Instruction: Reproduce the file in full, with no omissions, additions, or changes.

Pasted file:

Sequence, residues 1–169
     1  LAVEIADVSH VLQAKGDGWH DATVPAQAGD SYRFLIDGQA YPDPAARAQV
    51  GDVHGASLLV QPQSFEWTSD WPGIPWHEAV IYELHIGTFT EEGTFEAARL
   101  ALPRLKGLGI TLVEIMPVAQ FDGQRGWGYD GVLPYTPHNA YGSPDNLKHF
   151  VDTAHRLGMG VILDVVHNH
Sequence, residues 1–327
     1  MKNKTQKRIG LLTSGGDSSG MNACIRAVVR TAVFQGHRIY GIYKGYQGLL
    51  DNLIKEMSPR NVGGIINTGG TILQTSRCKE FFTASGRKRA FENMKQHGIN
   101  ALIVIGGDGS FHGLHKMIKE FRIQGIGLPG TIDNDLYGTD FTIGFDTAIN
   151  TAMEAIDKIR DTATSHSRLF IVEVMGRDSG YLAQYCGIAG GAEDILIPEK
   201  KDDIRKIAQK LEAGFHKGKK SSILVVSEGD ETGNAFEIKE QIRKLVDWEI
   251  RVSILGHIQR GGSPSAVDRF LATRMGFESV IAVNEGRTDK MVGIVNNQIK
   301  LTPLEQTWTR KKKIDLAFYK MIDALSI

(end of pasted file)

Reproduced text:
Sequence, residues 1–169
     1  LAVEIADVSH VLQAKGDGWH DATVPAQAGD SYRFLIDGQA YPDPAARAQV
    51  GDVHGASLLV QPQSFEWTSD WPGIPWHEAV IYELHIGTFT EEGTFEAARL
   101  ALPRLKGLGI TLVEIMPVAQ FDGQRGWGYD GVLPYTPHNA YGSPDNLKHF
   151  VDTAHRLGMG VILDVVHNH
Sequence, residues 1–327
     1  MKNKTQKRIG LLTSGGDSSG MNACIRAVVR TAVFQGHRIY GIYKGYQGLL
    51  DNLIKEMSPR NVGGIINTGG TILQTSRCKE FFTASGRKRA FENMKQHGIN
   101  ALIVIGGDGS FHGLHKMIKE FRIQGIGLPG TIDNDLYGTD FTIGFDTAIN
   151  TAMEAIDKIR DTATSHSRLF IVEVMGRDSG YLAQYCGIAG GAEDILIPEK
   201  KDDIRKIAQK LEAGFHKGKK SSILVVSEGD ETGNAFEIKE QIRKLVDWEI
   251  RVSILGHIQR GGSPSAVDRF LATRMGFESV IAVNEGRTDK MVGIVNNQIK
   301  LTPLEQTWTR KKKIDLAFYK MIDALSI